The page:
The programs provide food to children during the summer to help offset the loss of free and reduced-price lunches that the children receive during the school year.
To make donating food and money easy, representatives from the Sandhills Branch of the Food Bank will set up a booth at First Fridays, a family oriented, kid-friendly event that will be held in downtown Southern Pines on the first Friday of each month beginning in May and ending in October.
Cotten said some of the most needed items are canned meals, such as stews, soups, tuna, ravioli (pop-top lids are preferred whenever possible), peanut butter, cereals, canned fruits and vegetables, rice, pasta and dried beans.
The organization also accepts and needs donations of personal hygiene items, infant products, such as diapers and baby food, and paper products, such as paper towels and toilet paper.
"We do discourage any type of glass products," Cotten said. "Because things can get broken and if they do get cracked or broken we can have seepage, which can also damage other products."
The Summer Food Service program allows the food bank to partner with local agencies to deliver food to needy children.
Cotten said the program helps provide a nutritionally balanced meal that, hopefully, kids like.
"Each year, we learn a little bit more and try to improve the product that we provide," Cotten said. "We try to find product that is not only nutritional but also is something that the kids will eat. Efficiency is being able to find food that won't go to waste and food that kids like."
The newest venture undertaken by the food bank is a partnership with Meals on Wheels called Snack Pack Pals. Similar to the Back Pack Pals program for children, the Snack Pack program will provide weekend meals to needy adults, mostly, but not limited to, seniors.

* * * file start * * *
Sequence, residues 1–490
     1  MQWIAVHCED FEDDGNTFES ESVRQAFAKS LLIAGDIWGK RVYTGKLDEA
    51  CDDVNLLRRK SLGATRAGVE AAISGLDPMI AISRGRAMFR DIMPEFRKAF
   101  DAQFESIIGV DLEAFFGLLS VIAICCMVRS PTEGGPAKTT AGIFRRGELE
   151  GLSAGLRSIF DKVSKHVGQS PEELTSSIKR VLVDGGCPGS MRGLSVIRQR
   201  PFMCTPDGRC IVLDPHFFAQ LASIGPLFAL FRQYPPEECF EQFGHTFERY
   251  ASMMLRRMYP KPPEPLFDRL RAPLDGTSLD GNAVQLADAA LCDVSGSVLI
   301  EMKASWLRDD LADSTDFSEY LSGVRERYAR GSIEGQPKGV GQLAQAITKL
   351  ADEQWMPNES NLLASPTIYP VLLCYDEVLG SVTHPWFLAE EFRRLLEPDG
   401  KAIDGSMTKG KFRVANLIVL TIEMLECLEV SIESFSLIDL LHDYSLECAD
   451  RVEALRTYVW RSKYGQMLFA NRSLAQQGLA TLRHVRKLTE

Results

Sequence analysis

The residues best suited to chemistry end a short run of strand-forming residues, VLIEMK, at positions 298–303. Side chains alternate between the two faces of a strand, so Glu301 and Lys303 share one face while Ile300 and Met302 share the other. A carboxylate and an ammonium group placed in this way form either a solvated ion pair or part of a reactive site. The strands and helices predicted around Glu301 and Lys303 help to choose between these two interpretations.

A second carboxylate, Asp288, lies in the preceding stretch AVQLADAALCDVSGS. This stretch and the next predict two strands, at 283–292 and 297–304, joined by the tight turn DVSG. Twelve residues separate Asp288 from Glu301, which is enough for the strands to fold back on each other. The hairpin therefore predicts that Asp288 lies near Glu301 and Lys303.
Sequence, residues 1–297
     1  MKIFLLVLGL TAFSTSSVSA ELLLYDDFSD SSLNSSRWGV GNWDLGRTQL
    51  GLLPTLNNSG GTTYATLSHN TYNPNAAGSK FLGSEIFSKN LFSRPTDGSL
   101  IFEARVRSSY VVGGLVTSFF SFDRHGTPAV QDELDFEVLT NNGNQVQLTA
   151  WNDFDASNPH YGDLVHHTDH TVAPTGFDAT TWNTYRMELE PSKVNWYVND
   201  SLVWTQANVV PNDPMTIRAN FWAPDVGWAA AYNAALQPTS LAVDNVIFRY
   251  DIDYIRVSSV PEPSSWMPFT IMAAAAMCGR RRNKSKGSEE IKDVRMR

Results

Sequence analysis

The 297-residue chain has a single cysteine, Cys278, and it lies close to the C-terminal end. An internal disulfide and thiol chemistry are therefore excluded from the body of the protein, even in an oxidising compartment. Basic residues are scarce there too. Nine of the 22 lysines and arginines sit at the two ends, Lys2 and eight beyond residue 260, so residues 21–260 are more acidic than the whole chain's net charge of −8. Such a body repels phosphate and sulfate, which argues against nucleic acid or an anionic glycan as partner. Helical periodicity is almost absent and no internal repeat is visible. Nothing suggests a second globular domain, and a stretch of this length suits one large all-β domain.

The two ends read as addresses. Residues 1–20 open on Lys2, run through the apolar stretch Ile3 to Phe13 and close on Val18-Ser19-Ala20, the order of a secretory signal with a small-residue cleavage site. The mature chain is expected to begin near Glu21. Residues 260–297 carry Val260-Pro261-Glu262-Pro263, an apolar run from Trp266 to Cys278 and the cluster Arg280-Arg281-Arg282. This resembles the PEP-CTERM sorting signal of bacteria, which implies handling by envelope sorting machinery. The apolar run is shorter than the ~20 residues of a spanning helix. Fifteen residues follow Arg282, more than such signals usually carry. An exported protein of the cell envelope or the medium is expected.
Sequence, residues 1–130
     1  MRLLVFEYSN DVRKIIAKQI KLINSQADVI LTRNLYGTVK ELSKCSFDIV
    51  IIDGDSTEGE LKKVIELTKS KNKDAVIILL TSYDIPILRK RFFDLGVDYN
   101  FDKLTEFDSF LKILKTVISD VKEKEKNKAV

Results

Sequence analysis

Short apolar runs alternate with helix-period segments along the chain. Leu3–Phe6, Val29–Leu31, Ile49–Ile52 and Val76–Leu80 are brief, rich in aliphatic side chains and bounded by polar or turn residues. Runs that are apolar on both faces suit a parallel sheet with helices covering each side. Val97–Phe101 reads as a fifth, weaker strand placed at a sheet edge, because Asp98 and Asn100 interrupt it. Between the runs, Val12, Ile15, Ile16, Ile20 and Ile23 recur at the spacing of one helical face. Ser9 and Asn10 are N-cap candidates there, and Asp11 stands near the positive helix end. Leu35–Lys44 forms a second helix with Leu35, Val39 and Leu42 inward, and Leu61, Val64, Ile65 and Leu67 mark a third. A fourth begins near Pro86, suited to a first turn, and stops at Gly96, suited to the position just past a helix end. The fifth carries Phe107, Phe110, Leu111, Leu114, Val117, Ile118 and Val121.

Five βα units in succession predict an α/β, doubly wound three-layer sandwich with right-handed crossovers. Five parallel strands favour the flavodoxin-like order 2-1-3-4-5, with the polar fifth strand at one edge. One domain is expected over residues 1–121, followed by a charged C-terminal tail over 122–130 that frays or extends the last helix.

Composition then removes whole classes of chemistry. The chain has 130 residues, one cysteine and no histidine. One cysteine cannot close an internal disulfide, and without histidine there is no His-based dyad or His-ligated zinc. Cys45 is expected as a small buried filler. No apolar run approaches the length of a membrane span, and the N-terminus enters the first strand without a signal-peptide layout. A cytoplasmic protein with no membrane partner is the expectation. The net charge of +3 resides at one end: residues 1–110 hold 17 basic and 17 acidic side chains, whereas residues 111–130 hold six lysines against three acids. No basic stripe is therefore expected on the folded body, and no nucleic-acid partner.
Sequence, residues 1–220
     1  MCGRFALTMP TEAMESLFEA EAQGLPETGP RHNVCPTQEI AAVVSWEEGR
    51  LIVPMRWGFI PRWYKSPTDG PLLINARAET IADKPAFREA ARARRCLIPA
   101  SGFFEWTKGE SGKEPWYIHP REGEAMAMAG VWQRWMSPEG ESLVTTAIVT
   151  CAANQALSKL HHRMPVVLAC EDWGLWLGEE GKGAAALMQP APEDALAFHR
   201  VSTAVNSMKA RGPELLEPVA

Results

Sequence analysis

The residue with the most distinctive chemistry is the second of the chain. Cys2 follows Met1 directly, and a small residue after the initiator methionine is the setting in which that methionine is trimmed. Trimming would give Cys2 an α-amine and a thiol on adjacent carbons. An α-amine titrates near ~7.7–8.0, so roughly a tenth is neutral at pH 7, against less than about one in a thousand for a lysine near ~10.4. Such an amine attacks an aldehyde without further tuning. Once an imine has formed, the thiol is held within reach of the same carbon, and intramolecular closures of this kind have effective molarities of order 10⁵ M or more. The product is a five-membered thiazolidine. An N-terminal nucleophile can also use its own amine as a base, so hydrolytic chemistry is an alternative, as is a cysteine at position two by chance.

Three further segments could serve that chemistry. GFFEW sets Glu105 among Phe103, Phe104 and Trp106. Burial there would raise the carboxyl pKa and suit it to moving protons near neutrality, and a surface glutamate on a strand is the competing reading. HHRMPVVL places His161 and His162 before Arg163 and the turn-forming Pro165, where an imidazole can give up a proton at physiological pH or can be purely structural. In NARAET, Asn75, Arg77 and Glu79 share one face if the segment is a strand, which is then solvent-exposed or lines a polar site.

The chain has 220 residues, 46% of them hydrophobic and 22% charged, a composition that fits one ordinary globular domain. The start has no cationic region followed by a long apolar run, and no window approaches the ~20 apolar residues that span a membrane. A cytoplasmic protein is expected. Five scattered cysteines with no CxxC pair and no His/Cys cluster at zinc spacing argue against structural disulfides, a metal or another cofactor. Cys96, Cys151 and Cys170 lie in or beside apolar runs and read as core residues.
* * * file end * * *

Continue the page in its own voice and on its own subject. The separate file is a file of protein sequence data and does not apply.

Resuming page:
"If you are homebound and need a meal, they will get one to you," Cotten said.
The bags are packed at the warehouse and then delivered to 200 individuals enrolled in the program by volunteers.
Cotten anticipates the Snack Pack Pals program will soon be as successful as Back Pack Pals in the public schools. In 2009-2010, Back Pack Pals had more than 700 children enrolled from 21 schools. More than 150 volunteers helped fill backpacks more than 22,000 times.
Clearing Up Confusion
Serving the growing food needs of the community is no easy task.
The Sandhills branch employs five full-time staff members and relies on countless volunteers and year-round donations to help meet the needs of its 104 partner agencies and the public.
Cotten said one of the biggest problems facing the food bank is recognition. He says that too often people confuse the organization with a partner organization, not understanding what the food back is all about.
The Sandhills branch has been in its current location on Sandy Avenue for seven years. But folks still don't know where local food bank is located, or exactly what its role is.
"We are the only food bank in our area," Cotten said. "Sometimes people get confused. They use food bank and food pantry interchangeably. As the food bank, we provide food for all our partner agencies. We are able to come here and get food."
Cotten said his organization is not in competition with its partner agencies, but said donations to the food bank serve a greater need than a donation to one single pantry.
"We are more diversified in our giving," Cotten said. "If you give to us, your donation is used here, but we also get support from a larger organization to subsidize the needs."
Contact Tom Embrey by e-mail at email@example.com.